Residents Protest Garbage Incinerator in Guangdong (Updated with Videos)
Residents of Panyu, Guangdong, are protesting plans to build a garbage incinerator in their city, and the actions are being tweeted live at the hashtag #pylj. @ellachou is translating many of the tweets into English. Photos have been posted on flickr and Twitter:
Watch videos of the protest here.
Xinhua reported on the situation in Panyu:
Panyu, which has a population of 2.5 million, produced about 600,000 tons of garbage last year, or 1,640 tons a day, he said.
“We expect some 2,200 tons of garbage a day by 2010. We could not find a large landfill to deal with the rising garbage due to limited land resources,” Ye said.
“Facing the rising demand of garbage treatment, the incineratoris currently the right option for us.”
Following a wide range of opposition from nearby residents, the Panyu urban landscape authority issued a notice at the end of last month to solicit public opinion and organized a team of experts to conduct environmental assessments of the project.
Ye did not reveal when the environmental assessments would be completed.” If we do not introduce new ways to deal with garbage, Guangzhou will be surrounded by piles of garbage in the years ahead,” Ye said.
Update: Reuters reports: Hundreds in south China oppose waste incinerator
Hundreds of residents in China’s southern city of Guangzhou protested outside government offices on Monday, opposing plans for a major garbage incinerator that they say will endanger their health and the environment.
Wen Yunchao, a prominent mainland blogger and rights activist, said more than 1,200 protesters had demanded the resignation of the city’s deputy general secretary, Lu Zhiyi, during a large protest outside Guangzhou Municipal Government building.
He said the Panyu waste incineration plant, which will handle 2,000 metric tons of trash a day, might endanger the health of residents like a similar incinerator built near Guangzhou’s Likeng village in 2005.
Residents are unhappy about what they see as inadequate consultation for the project. A public meeting this morning broke down when officials were deluged with around 200 petitioners.
The frustrated crowd surged into the municipal government office and demanded to be heard. They then occupied the city square, where they staged a peaceful sit-in. Wen Yunchao, a blogger and rights activist at the scene, told the Guardian by telephone that the number of protesters had swelled to about 800 as word spread by mobile phone and internet. The authorities declared the gathering illegal after the participants demanded the resignation of the city’s deputy general secretary, he said.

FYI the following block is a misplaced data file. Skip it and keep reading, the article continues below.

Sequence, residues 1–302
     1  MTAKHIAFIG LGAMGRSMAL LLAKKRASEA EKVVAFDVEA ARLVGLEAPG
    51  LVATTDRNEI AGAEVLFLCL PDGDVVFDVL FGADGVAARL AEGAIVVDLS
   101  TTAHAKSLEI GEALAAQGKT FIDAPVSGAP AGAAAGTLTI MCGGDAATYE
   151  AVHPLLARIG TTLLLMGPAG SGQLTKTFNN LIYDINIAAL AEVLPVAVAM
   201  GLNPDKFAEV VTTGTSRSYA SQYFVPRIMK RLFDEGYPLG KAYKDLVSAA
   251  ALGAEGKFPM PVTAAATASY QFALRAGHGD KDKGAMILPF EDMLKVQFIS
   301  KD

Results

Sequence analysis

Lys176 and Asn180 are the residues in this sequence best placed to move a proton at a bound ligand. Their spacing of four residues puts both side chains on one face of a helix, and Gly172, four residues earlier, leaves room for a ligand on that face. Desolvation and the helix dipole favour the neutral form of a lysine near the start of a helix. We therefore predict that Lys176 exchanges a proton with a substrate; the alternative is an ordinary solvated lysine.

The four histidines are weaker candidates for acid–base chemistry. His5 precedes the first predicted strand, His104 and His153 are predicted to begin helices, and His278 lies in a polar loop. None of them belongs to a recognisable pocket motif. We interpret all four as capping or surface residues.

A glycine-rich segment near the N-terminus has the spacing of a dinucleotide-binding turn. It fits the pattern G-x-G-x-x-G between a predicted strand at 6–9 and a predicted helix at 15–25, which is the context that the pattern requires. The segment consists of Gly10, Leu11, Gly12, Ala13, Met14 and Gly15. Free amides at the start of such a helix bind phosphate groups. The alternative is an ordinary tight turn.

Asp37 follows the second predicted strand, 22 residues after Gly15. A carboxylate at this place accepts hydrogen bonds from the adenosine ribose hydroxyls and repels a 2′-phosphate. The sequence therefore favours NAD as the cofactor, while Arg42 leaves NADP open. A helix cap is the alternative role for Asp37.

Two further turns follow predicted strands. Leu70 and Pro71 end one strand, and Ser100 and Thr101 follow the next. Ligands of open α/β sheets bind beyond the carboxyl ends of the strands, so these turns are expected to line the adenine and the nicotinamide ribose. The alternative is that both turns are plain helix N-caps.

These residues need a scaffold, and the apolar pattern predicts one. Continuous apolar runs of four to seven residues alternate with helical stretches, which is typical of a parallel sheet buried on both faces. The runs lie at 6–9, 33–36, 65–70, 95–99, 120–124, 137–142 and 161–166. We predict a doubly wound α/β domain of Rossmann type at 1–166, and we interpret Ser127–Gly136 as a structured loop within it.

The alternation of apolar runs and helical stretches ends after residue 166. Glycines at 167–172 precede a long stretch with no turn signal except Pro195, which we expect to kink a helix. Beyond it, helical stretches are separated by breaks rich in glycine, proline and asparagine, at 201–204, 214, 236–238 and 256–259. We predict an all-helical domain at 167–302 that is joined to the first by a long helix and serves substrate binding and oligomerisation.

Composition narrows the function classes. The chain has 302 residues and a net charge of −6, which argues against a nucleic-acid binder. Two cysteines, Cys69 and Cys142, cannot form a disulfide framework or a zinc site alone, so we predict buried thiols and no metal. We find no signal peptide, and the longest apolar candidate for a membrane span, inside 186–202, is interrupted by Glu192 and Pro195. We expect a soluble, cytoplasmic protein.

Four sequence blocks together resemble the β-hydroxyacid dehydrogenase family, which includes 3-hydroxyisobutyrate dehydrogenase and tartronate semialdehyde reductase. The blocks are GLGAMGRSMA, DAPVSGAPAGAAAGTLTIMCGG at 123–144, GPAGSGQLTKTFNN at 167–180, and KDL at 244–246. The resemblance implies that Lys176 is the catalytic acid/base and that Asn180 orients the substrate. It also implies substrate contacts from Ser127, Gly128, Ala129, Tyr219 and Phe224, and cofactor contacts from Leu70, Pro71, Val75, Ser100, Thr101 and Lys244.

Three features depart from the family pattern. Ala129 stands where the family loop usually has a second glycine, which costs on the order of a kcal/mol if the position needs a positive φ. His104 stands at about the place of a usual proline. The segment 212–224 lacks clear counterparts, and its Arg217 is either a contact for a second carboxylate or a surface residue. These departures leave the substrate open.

The demonstration was broken up by police, who used crowd barriers to drive the protesters off the square. Most of the protesters were home-owners and villagers from Panyu, the district where the planned incinerator is expected to handle 2,000 tonnes of waste per day.
From the Telegraph: China’s middle-class rise up in environmental protest
More than 1,000 people took to the streets in a district of Guangzhou to protest against the building of a rubbish incinerator near their homes.
The crowd expanded as members sent real-time reports on the protest through Twitter, the micro-blogging website, and posted photographs on the internet. While Twitter is officially blocked by the government in China, it has a growing following among internet users who can route access through private servers abroad.
One of the protesters, who asked to remain anonymous but who was using Twitter throughout the day, was alerted to the protest through the internet. “The matter didn’t directly concern us but we were pursuing the public interest and we wanted to show our friends and other people what was going on so we took pictures and used all the modern technology we could to show a protest in real time,” he said. “The police also videotaped us, but we are prepared for any consequences later.”
Here are some video clips from the protest on youtube, thanks to Diane Gatterdam for the link.
See video reports on the protest by activist group CoChina:
All 17 CoChina reports can be seen here.
Please also read blogger Roland Soong’s translation of Southern Metropolis Daily Coverage of Panyu Garbage Incinerator Protest.